Moving data in assembly language:


If I move content from internal register A to register B, what happens to content of register A? Is it deleted? Stays unchanged?

  • 1
    Which assembly language?
    – 8bittree
    Nov 21, 2016 at 21:34
  • 3
    Possible duplicate of Why is the copying instruction usually named MOV?
    – Erik Eidt
    Nov 21, 2016 at 21:52
  • @ErikEidt : Partially is.
    – Lucenzo97
    Nov 22, 2016 at 18:19
  • 1
    There are many assembly languages. Usually at least one for each Instruction Set Architecture (ISA). You can't simply write x86 assembly and expect to get results that make sense when running the converted machine code on a MIPS cpu, if it will even run at all. MIPS has no eax register, so what's it supposed to do when when you tell it to add eax, 5?
    – 8bittree
    Nov 22, 2016 at 18:28
  • 1
    @LuKa If you hand the x86 instruction add eax, 5 to a MIPS assembler, and are lucky, it will reject it. If you're unlucky, it will turn it into... something. If you run it through an x86 assembler that uses Intel syntax, you might get the bytes 0x6683C005. Or you might get 0x0505000000, or something other equivalent instruction. The first seems to be a bltz (branch if less than zero) instruction in MIPS. The second would be 1.25 MIPS instructions. Halting execution would only happen if you're very, very lucky. More likely you'll just end up running a bunch of random instructions.
    – 8bittree
    Nov 23, 2016 at 16:13

2 Answers 2


The MOV command will leave the contents of register A alone. From some x86 documentation (emphasis added):

The mov instruction copies the data item referred to by its second operand (i.e. register contents, memory contents, or a constant value) into the location referred to by its first operand (i.e. a register or memory).


There are many other assembly languages, but you can count on most modern languages working the same way.

  • What about if I want to clear data from register A after its content was copied to B register? Is there instruction for that?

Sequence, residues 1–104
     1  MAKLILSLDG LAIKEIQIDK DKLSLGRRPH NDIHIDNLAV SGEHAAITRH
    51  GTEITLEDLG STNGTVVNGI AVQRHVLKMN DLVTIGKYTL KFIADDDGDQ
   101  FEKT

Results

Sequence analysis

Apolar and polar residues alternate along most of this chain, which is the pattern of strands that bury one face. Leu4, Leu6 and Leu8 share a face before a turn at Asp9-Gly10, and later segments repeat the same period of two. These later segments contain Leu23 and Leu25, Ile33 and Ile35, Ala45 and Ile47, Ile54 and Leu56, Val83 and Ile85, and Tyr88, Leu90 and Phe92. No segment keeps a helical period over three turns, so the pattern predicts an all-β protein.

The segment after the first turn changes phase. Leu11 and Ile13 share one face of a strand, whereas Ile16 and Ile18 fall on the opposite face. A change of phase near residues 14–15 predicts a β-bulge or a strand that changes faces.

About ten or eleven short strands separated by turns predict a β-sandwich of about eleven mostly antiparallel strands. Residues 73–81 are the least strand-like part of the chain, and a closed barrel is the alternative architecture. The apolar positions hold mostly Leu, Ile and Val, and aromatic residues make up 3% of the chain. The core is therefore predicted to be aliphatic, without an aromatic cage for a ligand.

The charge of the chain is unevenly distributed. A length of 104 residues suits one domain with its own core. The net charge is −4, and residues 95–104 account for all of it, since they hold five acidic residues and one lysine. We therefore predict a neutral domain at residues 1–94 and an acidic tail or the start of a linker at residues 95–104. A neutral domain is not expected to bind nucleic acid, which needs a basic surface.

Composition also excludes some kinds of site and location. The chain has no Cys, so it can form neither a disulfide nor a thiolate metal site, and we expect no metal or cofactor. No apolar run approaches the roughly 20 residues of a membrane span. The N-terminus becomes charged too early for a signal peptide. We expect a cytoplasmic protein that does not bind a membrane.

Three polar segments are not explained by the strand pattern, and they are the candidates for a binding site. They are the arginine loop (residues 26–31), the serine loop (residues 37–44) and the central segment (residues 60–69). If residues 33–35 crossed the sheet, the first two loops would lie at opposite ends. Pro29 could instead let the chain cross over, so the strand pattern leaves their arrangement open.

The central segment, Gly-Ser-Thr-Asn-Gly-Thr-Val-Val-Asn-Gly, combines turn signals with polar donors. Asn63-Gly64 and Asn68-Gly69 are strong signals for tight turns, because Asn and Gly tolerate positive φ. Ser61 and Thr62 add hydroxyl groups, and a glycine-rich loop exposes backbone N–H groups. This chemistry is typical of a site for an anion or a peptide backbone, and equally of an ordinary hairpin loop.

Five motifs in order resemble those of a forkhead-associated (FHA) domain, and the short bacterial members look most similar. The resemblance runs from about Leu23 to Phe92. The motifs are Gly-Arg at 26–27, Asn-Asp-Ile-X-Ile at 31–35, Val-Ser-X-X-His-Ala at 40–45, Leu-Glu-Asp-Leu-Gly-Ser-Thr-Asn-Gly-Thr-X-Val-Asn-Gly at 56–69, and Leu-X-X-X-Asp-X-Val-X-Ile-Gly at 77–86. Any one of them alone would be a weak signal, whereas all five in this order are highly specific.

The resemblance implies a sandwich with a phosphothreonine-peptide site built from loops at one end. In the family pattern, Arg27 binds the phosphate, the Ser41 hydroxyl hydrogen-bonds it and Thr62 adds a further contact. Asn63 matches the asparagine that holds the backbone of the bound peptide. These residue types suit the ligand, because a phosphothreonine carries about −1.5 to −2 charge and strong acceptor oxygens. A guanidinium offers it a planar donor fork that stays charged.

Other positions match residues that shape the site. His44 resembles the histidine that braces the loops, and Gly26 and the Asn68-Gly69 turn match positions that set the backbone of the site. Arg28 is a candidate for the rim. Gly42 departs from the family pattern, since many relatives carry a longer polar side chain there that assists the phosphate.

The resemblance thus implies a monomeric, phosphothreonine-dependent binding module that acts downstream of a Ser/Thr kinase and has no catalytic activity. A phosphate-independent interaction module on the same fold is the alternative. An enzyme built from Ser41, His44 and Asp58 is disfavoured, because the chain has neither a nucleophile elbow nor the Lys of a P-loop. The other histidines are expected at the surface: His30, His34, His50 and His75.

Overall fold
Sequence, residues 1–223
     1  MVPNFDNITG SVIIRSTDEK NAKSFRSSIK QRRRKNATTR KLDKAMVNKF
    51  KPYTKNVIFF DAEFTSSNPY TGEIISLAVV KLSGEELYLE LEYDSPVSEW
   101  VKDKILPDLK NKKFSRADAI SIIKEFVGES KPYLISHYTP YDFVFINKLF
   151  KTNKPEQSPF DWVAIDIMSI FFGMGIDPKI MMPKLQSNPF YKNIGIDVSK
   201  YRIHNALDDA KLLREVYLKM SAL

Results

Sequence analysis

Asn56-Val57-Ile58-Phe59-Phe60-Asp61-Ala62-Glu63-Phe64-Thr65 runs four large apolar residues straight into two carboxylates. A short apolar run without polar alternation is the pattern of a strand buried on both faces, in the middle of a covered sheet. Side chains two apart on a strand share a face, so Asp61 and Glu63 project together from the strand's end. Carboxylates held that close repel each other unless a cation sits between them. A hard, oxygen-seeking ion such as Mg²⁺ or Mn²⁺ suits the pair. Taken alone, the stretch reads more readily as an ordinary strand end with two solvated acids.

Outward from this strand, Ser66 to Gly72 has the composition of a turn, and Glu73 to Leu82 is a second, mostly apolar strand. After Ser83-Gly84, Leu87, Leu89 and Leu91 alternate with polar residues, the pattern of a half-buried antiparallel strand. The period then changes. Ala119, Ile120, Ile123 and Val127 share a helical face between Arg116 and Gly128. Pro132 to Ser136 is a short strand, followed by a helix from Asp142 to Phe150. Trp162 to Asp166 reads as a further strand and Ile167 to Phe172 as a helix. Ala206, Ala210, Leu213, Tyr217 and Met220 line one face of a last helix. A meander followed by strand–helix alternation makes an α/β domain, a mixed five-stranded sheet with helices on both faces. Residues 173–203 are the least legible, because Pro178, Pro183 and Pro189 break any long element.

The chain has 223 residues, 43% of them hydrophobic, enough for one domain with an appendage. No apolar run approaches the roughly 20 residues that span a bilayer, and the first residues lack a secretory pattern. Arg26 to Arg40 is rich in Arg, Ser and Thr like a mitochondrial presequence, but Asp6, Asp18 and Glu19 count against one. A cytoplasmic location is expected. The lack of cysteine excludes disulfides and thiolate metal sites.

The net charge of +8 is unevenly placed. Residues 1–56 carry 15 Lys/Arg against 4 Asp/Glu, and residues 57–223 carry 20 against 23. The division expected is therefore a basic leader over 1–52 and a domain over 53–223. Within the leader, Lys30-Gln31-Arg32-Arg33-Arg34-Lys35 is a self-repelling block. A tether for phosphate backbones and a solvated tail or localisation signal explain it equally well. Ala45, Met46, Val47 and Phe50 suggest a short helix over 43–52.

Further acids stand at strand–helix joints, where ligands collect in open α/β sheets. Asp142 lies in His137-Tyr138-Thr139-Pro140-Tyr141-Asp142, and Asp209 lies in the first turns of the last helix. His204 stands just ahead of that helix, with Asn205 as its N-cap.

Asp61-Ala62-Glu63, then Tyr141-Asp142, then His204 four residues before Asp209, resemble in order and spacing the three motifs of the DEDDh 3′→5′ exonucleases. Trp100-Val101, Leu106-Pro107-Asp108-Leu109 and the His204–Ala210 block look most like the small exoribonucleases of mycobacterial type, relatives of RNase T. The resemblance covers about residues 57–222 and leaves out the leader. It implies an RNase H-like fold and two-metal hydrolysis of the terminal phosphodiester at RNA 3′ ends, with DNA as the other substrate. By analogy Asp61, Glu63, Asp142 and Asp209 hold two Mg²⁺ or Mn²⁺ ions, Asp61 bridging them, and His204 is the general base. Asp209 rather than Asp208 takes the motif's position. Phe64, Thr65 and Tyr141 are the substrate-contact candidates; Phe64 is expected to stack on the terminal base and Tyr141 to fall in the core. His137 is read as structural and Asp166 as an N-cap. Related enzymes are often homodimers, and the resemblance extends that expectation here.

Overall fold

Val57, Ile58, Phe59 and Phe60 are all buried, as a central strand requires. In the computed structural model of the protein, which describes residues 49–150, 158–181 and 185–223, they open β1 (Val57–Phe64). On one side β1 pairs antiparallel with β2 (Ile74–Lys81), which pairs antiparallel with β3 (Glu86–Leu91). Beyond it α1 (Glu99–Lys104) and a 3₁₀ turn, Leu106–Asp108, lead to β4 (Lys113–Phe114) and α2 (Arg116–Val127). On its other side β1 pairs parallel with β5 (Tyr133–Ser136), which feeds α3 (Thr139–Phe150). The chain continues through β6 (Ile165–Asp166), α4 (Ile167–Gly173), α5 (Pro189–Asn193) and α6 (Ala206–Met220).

– Lucenzo97
    Nov 22, 2016 at 10:42
  • @LuKa, clear register A to what value? Zero? Why not just store a zero there?
    – Wildcard
    Nov 22, 2016 at 12:16
  • 2
    @LuKa, just set register A equal to whatever value you want after you run a MOV command.
    – riwalk
    Nov 22, 2016 at 20:12

The answer depends heavily on the CPU and assembly language you're targeting:

The source is left unchanged for a move.

Out of curiosity, and nostalgy, a couple of older CPUs used other covnetions as well:

  • the good old PDP11 (ok there is little risk that you'll target this nowadays) had the move in the other direction: MOV source, target
  • the still old family of Motorala 68K had a MOVE source, target
  • the PowerPC had no MOV, but uses several variants of loads and stores, the first using targe, source, and the second source, target. It also had several variants of move but called differently keepng from the naming convention only the first letter.
  • Thank you for you answer and time. I didn't know that different CPUs have different "layouts" for source and target addresses. I have just began with studying basics of programming, plus I'm doing it on my own so I think I am going to have a lot more similar questions in the future :D
    – Lucenzo97
    Nov 22, 2016 at 10:48

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